WASHINGTON – A Wisconsin-based research group will run the nation's first embryonic stem cell (search) bank under a four-year, $16 million federal contract, officials announced Monday.
The WiCell Research Institute (search), a nonprofit set up in 1999 to support stem cell research at the University of Wisconsin (search), will store and distribute the cells under a federal plan to reduce their cost.
"At a minimum, we will be a single portal so people can do one-stop shopping" for stem cells, said Carl Gulbrandsen, president of WiCell's board of directors.
In 2001, President Bush limited federal grant funding to projects involving 78 lines of embryonic stem cells that already were in existence, saying taxpayer dollars should not fund the destruction of human embryos. That policy has stifled the field, researchers say, and only 22 lines are now available for use.
The goal of the bank is to consolidate all lines of embryonic stem cells available for use in federally funded studies into one place, reducing the cost of the cells while allowing researchers to learn more about their properties.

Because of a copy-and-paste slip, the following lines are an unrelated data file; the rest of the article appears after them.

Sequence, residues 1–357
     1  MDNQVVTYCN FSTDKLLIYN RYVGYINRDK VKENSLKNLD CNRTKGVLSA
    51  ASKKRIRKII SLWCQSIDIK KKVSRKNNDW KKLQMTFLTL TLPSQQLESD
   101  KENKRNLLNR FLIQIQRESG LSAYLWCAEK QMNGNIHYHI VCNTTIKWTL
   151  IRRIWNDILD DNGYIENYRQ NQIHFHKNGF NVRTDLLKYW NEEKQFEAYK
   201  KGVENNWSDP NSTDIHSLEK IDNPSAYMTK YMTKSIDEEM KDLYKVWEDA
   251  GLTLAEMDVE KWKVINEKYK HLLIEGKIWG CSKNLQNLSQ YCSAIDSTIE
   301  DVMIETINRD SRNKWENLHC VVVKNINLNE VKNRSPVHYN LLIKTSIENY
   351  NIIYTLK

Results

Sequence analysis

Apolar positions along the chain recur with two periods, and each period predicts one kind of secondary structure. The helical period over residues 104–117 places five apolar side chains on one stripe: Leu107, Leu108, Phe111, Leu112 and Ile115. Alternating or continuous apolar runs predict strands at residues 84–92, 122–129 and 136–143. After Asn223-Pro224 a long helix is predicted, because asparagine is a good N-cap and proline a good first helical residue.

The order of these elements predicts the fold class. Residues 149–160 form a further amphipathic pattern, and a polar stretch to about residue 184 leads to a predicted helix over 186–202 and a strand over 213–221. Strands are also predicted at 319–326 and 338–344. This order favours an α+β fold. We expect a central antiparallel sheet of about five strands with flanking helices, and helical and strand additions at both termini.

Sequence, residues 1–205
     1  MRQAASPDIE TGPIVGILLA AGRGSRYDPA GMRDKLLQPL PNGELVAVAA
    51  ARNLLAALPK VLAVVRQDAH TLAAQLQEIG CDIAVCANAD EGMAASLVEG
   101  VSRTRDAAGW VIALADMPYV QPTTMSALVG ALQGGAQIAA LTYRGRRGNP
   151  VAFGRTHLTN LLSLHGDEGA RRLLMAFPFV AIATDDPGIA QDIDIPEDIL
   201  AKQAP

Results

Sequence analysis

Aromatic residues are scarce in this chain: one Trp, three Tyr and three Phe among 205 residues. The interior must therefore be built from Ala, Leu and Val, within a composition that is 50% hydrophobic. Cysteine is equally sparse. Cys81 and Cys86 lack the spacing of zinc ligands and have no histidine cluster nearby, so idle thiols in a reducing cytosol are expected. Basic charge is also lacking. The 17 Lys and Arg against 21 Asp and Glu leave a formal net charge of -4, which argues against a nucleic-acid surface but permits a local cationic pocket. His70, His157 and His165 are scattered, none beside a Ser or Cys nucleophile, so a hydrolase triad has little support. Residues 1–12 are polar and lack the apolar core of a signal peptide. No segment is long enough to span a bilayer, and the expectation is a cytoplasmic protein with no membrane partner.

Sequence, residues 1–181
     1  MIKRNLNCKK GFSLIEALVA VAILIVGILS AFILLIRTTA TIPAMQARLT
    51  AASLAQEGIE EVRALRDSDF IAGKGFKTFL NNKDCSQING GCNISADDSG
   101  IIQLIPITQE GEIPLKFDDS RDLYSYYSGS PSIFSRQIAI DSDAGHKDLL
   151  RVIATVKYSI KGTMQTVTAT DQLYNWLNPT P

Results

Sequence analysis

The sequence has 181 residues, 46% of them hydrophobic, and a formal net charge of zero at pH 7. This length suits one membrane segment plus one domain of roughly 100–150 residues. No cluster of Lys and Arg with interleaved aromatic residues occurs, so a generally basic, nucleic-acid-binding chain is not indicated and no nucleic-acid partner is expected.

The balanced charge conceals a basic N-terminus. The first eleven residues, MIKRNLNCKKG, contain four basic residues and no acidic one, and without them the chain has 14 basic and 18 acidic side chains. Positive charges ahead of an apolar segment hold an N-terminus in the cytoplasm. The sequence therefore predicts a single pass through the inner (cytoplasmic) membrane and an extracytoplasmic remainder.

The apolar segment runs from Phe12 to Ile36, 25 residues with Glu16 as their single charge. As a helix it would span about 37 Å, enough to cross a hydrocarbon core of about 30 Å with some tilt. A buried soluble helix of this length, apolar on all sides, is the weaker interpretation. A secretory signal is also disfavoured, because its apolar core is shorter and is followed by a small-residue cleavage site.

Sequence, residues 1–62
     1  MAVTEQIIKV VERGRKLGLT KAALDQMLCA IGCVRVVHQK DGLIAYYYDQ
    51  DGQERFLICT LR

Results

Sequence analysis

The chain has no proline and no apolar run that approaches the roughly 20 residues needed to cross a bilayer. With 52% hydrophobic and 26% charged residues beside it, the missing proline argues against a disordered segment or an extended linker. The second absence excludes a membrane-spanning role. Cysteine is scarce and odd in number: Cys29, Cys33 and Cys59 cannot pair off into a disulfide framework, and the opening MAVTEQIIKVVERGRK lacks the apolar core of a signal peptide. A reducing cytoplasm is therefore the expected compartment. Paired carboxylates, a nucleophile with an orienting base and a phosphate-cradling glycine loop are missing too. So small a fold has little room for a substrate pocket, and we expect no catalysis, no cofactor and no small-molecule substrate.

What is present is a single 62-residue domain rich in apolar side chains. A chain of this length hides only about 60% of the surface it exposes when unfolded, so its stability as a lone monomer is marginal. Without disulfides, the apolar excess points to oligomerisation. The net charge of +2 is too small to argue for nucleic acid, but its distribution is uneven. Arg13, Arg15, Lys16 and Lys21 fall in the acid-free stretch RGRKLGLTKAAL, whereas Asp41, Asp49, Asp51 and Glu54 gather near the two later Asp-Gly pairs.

"This resource will enable us to fully analyze, characterize and control the quality of approved cell lines," said Elias Zerhouni, director of the National Institutes of Health (search).
NIH did not release the names of competitors for the contract, but UW-Madison Chancellor John Wiley said no other school had the research infrastructure needed to run the bank.
WiCell already has the right to distribute five lines developed at the school and has an agreement to distribute six lines held by Singapore-based ES Cell International (search) to U.S. researchers, said Derek Hei, a UW-Madison scientist who helped land the contract.
WiCell is trying to reach similar deals for the 11 other lines, which are in California, Georgia, Sweden, Korea and Israel.
Stem cells are created in the first days after conception and go on to form the body's tissues and cells. Researchers hope to use stem cells as replacements for diseased and injured body parts. But critics oppose the research because days-old embryos are destroyed, usually after being donated by fertility clinics.